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First-ever PhD in Thar Coal completed in PU

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Thar Coal combustion — A solution to an era of energy crisis: Researcher Asim Rizvi

 

Researcher Asim Rizvi
Researcher Asim Rizvi

As the demand for electrical power in this day and age continues to increase with the increase in population and technological and economical advancements, the presence of a stable framework for power generation in Pakistan has become absolutely imperative.

 

Dr. William Nimmo (Research Supervisor and visiting Scientist at Centre for Integrated Energy Research, University of Leeds, UK)
Dr. William Nimmo (Research Supervisor and
visiting Scientist at Centre for Integrated Energy Research, University of Leeds, UK)

Over the past decade, Pakistan has been undergoing an era of serious energy crisis and the situation has worsened in the past 10 years affecting the industry and our daily lives. This energy crisis is solely due to the fact that power from coal resources in Pakistan has not yet been harnessed efficiently, if at all. However, due to the increased awareness concerning the prevalent energy crisis both in the public sector and especially the industrial sector, in Pakistan, people now feel the need to bring about a considerable change in the prevailing conditions. Hence, with the present government, extensive work is being performed on various forms of renewable energy especially coal-related projects.

Most important for Pakistan’s current energy crisis is the Thar coalfield in Sindh which is the world’s largest lignite coal reserve comprising 175 billion tons spread over 9600 km2, and having an electrical potential equivalent to 100,000 MW. The first indication of the presence of coal in the Thar Desert was reported while drilling water wells by the British Overseas Development Agency (ODA) in coordination with the Sindh Arid Zone Development Authority (SAZDA) in 1992. Due to the lack of intensive investigation, the role of coal

Prof. Dr Shahid Munir (Research Supervisor and Director PU Center for Coal Technology)
Prof. Dr Shahid Munir (Research Supervisor and Director PU Center for Coal Technology)

in the energy mix never gained significant importance in Pakistan. However, the coal obtained from the Thar coalfield would enable the mitigation of the present 5000 MW electricity shortfall and would certainly facilitate our country in meeting any electricity demands in the future.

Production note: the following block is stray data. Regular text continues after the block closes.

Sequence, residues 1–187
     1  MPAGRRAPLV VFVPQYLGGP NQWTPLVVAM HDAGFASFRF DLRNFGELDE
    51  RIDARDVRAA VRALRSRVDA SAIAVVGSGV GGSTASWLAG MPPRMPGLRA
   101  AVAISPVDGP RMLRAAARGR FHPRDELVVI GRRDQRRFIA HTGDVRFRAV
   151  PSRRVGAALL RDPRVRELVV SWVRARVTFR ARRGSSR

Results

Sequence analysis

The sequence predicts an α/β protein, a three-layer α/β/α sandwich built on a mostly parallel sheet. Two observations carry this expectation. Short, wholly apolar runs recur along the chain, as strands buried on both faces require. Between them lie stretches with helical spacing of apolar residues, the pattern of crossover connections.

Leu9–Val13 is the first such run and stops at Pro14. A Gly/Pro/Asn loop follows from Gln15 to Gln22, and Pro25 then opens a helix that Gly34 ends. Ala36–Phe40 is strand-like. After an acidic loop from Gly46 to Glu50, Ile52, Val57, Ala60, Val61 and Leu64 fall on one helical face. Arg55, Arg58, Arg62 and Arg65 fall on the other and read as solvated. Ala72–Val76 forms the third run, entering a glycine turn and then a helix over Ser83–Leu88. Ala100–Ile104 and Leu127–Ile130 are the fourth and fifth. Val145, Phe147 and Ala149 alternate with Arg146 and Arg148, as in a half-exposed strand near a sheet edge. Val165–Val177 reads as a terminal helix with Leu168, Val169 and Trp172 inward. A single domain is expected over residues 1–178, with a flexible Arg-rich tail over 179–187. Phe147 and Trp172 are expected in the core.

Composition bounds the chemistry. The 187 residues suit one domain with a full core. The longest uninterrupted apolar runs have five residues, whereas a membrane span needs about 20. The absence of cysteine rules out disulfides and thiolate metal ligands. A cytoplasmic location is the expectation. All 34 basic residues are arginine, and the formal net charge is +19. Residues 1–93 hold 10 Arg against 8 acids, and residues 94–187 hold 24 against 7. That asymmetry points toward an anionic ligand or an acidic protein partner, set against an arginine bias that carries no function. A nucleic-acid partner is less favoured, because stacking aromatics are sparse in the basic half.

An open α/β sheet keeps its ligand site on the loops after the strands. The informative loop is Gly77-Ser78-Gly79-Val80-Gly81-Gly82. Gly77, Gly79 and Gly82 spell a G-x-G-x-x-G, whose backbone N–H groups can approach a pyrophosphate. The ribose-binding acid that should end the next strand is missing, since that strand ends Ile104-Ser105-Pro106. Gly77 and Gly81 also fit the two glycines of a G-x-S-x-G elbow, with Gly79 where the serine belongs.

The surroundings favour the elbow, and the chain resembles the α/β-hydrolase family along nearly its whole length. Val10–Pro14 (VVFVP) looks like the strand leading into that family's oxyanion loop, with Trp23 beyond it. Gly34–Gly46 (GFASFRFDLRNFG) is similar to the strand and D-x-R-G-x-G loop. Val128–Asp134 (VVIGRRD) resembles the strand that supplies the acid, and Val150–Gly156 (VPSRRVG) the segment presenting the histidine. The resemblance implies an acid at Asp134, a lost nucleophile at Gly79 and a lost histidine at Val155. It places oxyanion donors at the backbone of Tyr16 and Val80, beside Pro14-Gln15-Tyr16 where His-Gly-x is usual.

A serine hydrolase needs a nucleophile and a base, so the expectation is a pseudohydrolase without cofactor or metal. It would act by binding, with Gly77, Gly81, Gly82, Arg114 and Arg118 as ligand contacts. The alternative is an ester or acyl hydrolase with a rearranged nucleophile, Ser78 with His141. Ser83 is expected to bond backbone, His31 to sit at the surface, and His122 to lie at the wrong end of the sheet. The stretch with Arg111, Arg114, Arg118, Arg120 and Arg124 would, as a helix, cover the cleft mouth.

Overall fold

The process for obtaining energy from Thar coal has been subject to a lot of debate with experimentalists stating that gasification is the technique to be used. While that is a useful means of obtaining energy from coal, it is not viable for Thar coal purely based on the geology of the Thar coalfield; the presence of aquifers around the Thar coal seams would lead to groundwater contamination by the gasification process. Therefore, open-pit or drift mining is the more feasible approach in the efficient removal of the Thar coal. Certainly, the mined coal will have to be stored under low temperatures so as to avoid ignition but overall this approach is an easier and more efficient way to mine and then store Thar coal. In conjunction with efficient mining of Thar coal, retrofitting of the present boilers used in oil-based pow

Prof. Dr. Z.H. Rizvi (Former Director PU Chemical Engineering and father of Researcher Asim Rizvi)
Prof. Dr. Z.H. Rizvi (Former Director PU Chemical Engineering and father of Researcher Asim Rizvi)

er plants with a tube-based design should also be employed.

 

Power generation through coal combustion is only one aspect of the grand design as it is also essential to take into consideration the environmental hazards of irresponsibly combusting coal at an industrial scale. As coal is likely to remain important in the electricity production in Pakistan for quite a number of years, gaseous emissions control will be mandatory and this can be achieved by implementing clean coal technologies; they involve responsibly combusting coal in coal-fired power plants by keeping the gaseous emissions of NOx, CO2 and SOx in the flue (exhaust) gases at a controlled minimum based on environmental regulations. NOx, CO2 and SOx have many harmful effects of which some are airborne diseases, corrosion in boilers and most importantly, the Greenhouse Effect leading to global warming.

Graph 2
Graph 2
Graph 4
Graph 4

 

 

 

 

 

 

 

The National Oceanic and Atmospheric Administration stated that the Earth’s average temperature in April 2016 was 13.7 oC. This was about 1.1 oC warmer than the Earth’s 20th century average recorded temperature. The hottest regions on the planet were Africa, South America and Asia. Even looking at the current month of May in Pakistan, temperatures have been increasing upto and staying constant in the mid to high 40s. The cause of these high temperatures is due to global warming. Therefore, keeping the high gaseous emissions obtained throu